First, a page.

Over the past year, struggling XenoPort has restructured, changed its strategic direction, and reportedly started courting buyers in January. That search looks to have ended today: Arbor Pharmaceuticals has agreed to buy Santa Clara, CA-based XenoPort for $467 million.
Arbor, a specialty pharma company based in Atlanta, GA, has agreed to pay $7.03 per share for the rights to XenoPort (NASDAQ: XNPT). The price represents a roughly 60 percent premium to XenoPort’s $4.40 closing price on Friday. But it’s also a reflection of how far XenoPort has fallen. The company traded at $7.14 per share just eight months ago, and was worth almost nine times its selling price—over $61 a share—in January 2008. The slowdown of the biotech bull run over the past year hasn’t helped matters. “We think [the buyout] represents a good outcome for current XenoPort investors in the current biotech environment,” wrote RBC Capital Markets analyst Michael Yee, in a research note.
Xenoport is perhaps best known for winning FDA approval in 2011 of a drug for restless leg syndrome called gabapentin enacarbil (Horizant) that the agency had rejected just a year earlier. But sales of that drug were so disappointing that British pharma giant GlaxoSmithKline dumped its stake in gabapentin the following year. XenoPort generated just $41.2 million in revenue in 2015.
XenoPort has been trying to diversify beyond gabapentin, and put much of that effort into developing drugs for psoriasis, multiple sclerosis, and Parkinson’s disease. But after some shaky results in a mid-stage study of a drug called XP23829—data XenoPort had initially reported as positive in September—the company completely changed its strategy. Less than a month later, in October, Ronald Barrett retired as CEO and was replaced by Vincent Angotti. XenoPort axed half its work force and discontinued development of XP23829, saying it would only push XP23829 forward with the help of a partner. It turned its attention to selling gabapentin. Reuters reported in January that XenoPort was looking for a buyer. In March, it sold off U.S. rights to XP23829 to Dr. Reddy’s Laboratories.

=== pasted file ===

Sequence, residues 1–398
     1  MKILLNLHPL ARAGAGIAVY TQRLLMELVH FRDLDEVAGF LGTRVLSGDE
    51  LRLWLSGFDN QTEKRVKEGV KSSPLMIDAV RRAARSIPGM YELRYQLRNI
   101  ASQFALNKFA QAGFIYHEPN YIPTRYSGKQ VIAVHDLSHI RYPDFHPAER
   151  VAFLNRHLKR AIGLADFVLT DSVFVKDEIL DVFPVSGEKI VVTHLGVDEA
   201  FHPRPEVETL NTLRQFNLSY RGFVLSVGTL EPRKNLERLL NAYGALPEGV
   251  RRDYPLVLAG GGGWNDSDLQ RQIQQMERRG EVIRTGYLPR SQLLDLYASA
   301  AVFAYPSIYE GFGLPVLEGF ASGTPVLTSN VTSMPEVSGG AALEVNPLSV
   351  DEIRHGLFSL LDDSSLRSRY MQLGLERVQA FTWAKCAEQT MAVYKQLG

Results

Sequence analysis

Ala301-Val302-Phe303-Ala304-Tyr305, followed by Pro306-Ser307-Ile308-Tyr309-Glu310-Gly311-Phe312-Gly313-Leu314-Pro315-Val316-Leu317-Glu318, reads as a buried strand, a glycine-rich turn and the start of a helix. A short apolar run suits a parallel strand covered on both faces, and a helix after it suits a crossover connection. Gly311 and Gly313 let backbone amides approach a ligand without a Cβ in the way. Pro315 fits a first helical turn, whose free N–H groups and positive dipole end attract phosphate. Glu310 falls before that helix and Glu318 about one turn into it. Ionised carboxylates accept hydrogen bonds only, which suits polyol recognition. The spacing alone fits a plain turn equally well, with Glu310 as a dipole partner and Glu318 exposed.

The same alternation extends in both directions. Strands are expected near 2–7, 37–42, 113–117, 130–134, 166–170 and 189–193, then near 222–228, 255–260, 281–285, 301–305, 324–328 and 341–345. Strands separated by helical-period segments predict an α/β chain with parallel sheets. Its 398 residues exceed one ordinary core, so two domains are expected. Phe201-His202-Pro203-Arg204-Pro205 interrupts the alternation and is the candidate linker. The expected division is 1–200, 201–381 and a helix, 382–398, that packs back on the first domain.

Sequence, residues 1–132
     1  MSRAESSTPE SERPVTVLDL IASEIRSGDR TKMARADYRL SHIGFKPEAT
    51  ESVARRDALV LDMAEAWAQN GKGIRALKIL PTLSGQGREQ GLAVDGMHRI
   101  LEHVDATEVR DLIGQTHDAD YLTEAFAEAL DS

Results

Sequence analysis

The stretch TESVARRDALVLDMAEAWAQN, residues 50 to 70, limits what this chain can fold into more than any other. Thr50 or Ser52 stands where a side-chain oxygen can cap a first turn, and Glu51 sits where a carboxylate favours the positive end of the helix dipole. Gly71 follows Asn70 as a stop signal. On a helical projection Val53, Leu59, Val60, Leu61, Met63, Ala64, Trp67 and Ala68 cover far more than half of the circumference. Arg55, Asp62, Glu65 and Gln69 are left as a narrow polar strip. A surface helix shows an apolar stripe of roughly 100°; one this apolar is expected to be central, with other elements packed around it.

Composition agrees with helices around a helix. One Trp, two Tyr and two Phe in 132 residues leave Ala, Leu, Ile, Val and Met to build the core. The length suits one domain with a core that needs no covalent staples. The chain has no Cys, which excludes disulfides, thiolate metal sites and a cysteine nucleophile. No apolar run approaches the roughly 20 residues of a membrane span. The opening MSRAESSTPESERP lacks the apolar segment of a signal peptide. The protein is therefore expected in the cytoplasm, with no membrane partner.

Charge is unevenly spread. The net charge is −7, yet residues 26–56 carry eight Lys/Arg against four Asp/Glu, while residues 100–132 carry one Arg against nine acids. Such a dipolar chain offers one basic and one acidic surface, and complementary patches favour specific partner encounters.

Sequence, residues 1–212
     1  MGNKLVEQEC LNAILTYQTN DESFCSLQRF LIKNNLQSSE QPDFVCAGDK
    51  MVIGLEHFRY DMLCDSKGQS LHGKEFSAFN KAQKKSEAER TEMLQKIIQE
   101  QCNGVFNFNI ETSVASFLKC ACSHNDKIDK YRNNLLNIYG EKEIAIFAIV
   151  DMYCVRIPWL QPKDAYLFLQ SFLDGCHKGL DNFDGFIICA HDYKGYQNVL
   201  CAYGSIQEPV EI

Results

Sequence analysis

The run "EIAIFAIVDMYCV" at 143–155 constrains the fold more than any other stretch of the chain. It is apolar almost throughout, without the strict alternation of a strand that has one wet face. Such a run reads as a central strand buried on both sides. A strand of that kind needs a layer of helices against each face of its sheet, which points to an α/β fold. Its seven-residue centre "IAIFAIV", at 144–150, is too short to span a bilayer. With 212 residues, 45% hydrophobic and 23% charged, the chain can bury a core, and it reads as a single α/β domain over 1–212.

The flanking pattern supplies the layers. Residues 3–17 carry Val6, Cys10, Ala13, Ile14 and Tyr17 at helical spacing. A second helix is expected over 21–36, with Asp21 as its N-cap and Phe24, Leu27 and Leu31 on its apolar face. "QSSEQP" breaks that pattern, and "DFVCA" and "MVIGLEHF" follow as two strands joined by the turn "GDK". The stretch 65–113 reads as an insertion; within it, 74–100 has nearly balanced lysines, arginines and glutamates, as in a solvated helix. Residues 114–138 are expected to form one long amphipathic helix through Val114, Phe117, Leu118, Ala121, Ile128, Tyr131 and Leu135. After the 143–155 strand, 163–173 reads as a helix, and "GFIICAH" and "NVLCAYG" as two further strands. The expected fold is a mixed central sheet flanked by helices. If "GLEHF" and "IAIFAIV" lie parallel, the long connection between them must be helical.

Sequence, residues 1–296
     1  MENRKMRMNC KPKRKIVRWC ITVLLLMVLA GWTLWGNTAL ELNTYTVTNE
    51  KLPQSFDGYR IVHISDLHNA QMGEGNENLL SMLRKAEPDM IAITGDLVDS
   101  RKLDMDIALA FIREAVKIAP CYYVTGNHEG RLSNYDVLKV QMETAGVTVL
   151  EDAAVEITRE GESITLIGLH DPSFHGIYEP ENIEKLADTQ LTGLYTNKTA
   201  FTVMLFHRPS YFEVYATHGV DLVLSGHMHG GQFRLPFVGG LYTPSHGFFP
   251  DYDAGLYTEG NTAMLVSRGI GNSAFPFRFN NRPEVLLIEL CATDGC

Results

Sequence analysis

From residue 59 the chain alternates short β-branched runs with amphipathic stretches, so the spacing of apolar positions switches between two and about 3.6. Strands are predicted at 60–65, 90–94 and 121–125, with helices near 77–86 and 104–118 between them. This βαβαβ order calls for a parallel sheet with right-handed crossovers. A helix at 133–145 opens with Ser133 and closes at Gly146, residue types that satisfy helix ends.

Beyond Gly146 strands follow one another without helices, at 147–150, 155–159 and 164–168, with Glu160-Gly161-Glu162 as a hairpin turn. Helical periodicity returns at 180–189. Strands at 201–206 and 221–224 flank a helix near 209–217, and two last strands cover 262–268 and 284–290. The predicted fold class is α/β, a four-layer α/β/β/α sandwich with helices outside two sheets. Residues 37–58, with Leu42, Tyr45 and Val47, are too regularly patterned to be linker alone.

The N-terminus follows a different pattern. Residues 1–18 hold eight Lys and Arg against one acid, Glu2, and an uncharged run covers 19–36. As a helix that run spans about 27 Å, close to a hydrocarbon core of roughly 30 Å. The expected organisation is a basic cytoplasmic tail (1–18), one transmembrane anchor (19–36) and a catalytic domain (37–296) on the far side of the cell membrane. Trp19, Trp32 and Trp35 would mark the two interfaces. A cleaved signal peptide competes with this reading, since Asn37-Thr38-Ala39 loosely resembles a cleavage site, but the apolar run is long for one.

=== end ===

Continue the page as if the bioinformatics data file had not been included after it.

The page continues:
XenoPort’s exclusive focus on selling gabapentin has helped. XenoPort has projected that the drug will bring in $60 million to $65 million this year, which would be a roughly 33 percent jump from its totals in 2015. And that has enabled the company to find a buyer in Arbor. “The XenoPort sales team has done an excellent job of growing Horizant,” said Arbor CEO Ed Schutter, in a statement. Arbor is privately owned and has several marketed drugs, among them treatments for high blood pressure (azilsartan medoxmil (Edarbi)) and narcolepsy (dextroamphetamine sulfate (Zenzedi)).
Arbor didn’t mention XenoPort’s only other asset, a Parkinson’s drug candidate called XP21279, in the announcement. The acquisition is expected to close in the third quarter.
“We believe that Arbor is well positioned to provide the proper resources for a more expanded commercialization effort of [gabapentin],” Angotti said in the statement.